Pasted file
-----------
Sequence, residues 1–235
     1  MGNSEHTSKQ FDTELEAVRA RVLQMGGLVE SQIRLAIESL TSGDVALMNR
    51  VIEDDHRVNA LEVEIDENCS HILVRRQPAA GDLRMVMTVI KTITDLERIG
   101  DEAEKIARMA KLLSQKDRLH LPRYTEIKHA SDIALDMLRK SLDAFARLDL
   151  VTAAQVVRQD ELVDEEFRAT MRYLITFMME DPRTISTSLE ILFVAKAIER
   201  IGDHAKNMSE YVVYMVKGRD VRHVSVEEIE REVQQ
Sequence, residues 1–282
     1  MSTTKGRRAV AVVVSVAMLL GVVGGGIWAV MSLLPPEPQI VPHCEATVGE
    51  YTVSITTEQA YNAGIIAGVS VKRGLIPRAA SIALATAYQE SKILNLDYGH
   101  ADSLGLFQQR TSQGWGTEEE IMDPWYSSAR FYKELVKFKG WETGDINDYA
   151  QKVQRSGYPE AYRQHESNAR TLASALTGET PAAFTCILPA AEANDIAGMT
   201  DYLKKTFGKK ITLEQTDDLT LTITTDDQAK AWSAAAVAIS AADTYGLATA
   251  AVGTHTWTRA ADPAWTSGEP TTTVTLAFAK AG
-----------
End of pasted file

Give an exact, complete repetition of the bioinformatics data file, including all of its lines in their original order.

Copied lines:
Sequence, residues 1–235
     1  MGNSEHTSKQ FDTELEAVRA RVLQMGGLVE SQIRLAIESL TSGDVALMNR
    51  VIEDDHRVNA LEVEIDENCS HILVRRQPAA GDLRMVMTVI KTITDLERIG
   101  DEAEKIARMA KLLSQKDRLH LPRYTEIKHA SDIALDMLRK SLDAFARLDL
   151  VTAAQVVRQD ELVDEEFRAT MRYLITFMME DPRTISTSLE ILFVAKAIER
   201  IGDHAKNMSE YVVYMVKGRD VRHVSVEEIE REVQQ
Sequence, residues 1–282
     1  MSTTKGRRAV AVVVSVAMLL GVVGGGIWAV MSLLPPEPQI VPHCEATVGE
    51  YTVSITTEQA YNAGIIAGVS VKRGLIPRAA SIALATAYQE SKILNLDYGH
   101  ADSLGLFQQR TSQGWGTEEE IMDPWYSSAR FYKELVKFKG WETGDINDYA
   151  QKVQRSGYPE AYRQHESNAR TLASALTGET PAAFTCILPA AEANDIAGMT
   201  DYLKKTFGKK ITLEQTDDLT LTITTDDQAK AWSAAAVAIS AADTYGLATA
   251  AVGTHTWTRA ADPAWTSGEP TTTVTLAFAK AG